Vail Daily column: An alternative to aerobic training |

Vail Daily column: An alternative to aerobic training

A few years ago, two friends of mine and I decided to run the local Tough Mudder for grins and giggles. Even though this annual 11-mile obstacle race in Beaver Creek isn’t a timed competition, we decided to run in the first wave of 500 participants to see how many other “mudders” might cross the line before us. If we had gone in later waves, we wouldn’t have known our actual performance as hundreds of others would’ve presumably already crossed the finish from various waves, rendering our actual performance ranking unknown.

To our surprise we crossed the line sixth, seventh and eighth, respectively, according to the race officials and the spectators who confirmed our finish in just over two hours.

High-intensity interval training

We didn’t decide to run the race until 12 weeks prior to the event. Even though I am a firm believer in specificity, there wasn’t time to develop aerobic fitness suitable to running a medium distance race. Given the relatively short period of time for preparation, we needed to develop aerobic work capacity quickly. In order to do so we implemented high-intensity interval training. High-intensity interval training is loosely defined as work performed at a very high heart rate for a relatively short period of time (seconds to a few minutes), followed by a rest period of very low intensity and heart rate spread out over several intervals.

This method is often found to be beneficial for developing aerobic and anaerobic fitness in a very minimal training time and within a few weeks. Scientific evidence and experience suggests the adaptations to aerobic exercise are cellular (not mechanical) that produce mechanisms for increased oxygen delivery. And high-intensity interval training provides a potent stressor for these adaptations to occur quickly.

In a study by Martin J. Gibala at the American College of Sports Medicine, one of the most remarkable findings was the dramatic improvement in exercise performance during tasks that rely mainly on aerobic energy metabolism, despite the very low training volume. In the initial study, subjects doubled the length of time that exercise could be maintained at a fixed submaximal workload from approximately 26 to 51 minutes during cycling at 80 percent of pre-training VO2 peak after only 6 high-intensity interval training sessions over two weeks. Furthermore, it has been established that aerobic fitness can quickly deteriorate from a short layoff of a few weeks.

Assuredly, when high-intensity interval training is implemented properly, the exerciser can obtain very high levels of aerobic fitness quickly (12 weeks in our case). Why then do active individuals in Vail often focus on aerobic training as a cornerstone in their routine when there is substantial evidence that aerobic/anaerobic fitness is quickly achieved and rather fleeting as well? What’s the point to overly, chronically stressing the aerobic system when most don’t need a high level of aerobic fitness to begin with, and even if they do it can be developed quickly and disappear even quicker?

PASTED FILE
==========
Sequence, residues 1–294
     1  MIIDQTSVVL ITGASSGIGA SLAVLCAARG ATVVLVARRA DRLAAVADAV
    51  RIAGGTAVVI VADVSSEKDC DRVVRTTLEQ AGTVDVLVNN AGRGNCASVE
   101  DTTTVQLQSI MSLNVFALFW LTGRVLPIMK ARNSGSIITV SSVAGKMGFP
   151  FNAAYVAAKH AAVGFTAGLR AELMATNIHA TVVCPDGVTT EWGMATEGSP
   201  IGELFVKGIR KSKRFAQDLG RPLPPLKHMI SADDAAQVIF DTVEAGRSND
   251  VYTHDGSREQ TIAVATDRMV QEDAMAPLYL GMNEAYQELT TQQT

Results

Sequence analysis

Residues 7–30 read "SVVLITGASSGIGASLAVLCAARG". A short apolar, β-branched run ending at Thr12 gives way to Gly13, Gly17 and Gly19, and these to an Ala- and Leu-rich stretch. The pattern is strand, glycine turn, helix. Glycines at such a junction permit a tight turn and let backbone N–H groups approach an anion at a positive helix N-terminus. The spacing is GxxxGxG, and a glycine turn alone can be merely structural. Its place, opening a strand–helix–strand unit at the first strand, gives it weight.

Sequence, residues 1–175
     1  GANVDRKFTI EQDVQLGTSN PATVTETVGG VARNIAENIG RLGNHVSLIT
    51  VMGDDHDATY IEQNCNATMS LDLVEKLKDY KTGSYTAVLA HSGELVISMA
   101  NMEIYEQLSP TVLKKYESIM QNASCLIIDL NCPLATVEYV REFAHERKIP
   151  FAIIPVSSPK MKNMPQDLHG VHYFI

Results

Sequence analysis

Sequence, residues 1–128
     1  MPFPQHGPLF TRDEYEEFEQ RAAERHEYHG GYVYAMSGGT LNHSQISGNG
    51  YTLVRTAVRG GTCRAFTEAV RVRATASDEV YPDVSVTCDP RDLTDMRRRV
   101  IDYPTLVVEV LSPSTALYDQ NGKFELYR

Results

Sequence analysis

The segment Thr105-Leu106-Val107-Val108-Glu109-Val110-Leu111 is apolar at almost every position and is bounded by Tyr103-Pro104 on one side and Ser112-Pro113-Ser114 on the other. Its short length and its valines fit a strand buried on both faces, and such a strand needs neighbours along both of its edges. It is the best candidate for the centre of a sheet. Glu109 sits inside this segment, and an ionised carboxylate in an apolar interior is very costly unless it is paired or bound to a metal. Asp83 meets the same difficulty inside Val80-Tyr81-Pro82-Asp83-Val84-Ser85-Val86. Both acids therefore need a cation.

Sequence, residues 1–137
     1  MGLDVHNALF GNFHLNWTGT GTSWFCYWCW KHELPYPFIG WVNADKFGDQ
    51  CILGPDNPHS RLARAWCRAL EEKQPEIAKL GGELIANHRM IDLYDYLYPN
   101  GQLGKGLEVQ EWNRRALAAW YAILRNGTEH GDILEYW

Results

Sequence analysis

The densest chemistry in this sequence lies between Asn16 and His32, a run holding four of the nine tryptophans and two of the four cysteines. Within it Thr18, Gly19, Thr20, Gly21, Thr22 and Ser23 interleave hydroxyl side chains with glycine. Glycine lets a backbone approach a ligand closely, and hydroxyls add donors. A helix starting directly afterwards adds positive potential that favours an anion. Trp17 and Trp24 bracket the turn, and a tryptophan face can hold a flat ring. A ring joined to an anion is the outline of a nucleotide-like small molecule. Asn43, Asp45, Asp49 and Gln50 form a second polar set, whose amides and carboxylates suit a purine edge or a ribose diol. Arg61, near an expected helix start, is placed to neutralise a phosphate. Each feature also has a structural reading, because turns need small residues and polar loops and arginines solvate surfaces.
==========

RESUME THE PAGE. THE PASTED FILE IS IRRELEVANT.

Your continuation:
The take home message is that most exercisers who choose to participate in chronic aerobic exercise should ask why they are doing it. For better heart health? To lose weight? Are you a competitive endurance athlete? For a competitive endurance athlete, it clearly makes sense to predominately train aerobically around the entire year as this meets the demand for specificity. For others that are interested in general health, aerobic training is great for burning calories and assisting with weight loss, but there are other factors such as diet, sleep, muscle mass, etc., that I believe are more important than chronic aerobic training to achieve hearty health markers.


All too common is the idea that by burning calories through aerobic training that magically this will enable people to eat what they want and lose weight. Or that somehow self-control in the kitchen will supersede the metabolic damage incurred by heavy doses of running; maybe she will skip the donut in the office after her sludge on the treadmill earlier this morning. This rarely seems to occur. Chronic aerobic training makes the exerciser hungry. Infrequently do people replace the calories burned; usually it’s calories burned and then some. Why is it that some of the most overweight exercisers are also the ones that predominately train aerobically? While this is speculative, I have seen it time and again and many of my colleagues have witnessed this as well.

Seriously though, despite the large pendulum swing that has brought high-intensity interval training and aggressive strength training to the forefront, the mainstream fitness culture has a long way to go.

There is a large percentage of the population that continues to prescribe to chronic, daily aerobic training that often lead to underdeveloped fitness opportunities despite the overwhelmingly evidence in favor of other modalities including high-intensity interval training.

Ryan Richards has a B.S. from Ohio University and is a certified strength and conditioning specialist through the National Strength and Conditioning Association. He is the personal trainer at the Sonnenalp Golf Club and the owner of R2HP, an athlete consulting and personal training company. Richards’ passion comes from overcoming childhood obesity and a T1-L3 spinal fusion. Contact him at or 970-401-0720.

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